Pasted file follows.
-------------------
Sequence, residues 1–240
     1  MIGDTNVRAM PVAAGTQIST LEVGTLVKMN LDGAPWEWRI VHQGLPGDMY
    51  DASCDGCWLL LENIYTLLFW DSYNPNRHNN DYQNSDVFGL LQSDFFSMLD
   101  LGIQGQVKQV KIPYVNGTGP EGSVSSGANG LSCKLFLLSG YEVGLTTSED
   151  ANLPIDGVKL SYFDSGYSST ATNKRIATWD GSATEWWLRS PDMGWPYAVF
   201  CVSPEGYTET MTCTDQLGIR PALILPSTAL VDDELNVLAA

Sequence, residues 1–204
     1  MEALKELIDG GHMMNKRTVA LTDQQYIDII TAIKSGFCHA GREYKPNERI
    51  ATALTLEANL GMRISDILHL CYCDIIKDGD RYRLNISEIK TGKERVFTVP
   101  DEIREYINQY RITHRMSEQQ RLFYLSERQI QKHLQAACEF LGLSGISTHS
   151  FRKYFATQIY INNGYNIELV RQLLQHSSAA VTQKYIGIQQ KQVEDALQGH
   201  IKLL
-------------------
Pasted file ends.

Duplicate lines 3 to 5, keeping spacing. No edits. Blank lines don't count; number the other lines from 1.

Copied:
    51  DASCDGCWLL LENIYTLLFW DSYNPNRHNN DYQNSDVFGL LQSDFFSMLD
   101  LGIQGQVKQV KIPYVNGTGP EGSVSSGANG LSCKLFLLSG YEVGLTTSED
   151  ANLPIDGVKL SYFDSGYSST ATNKRIATWD GSATEWWLRS PDMGWPYAVF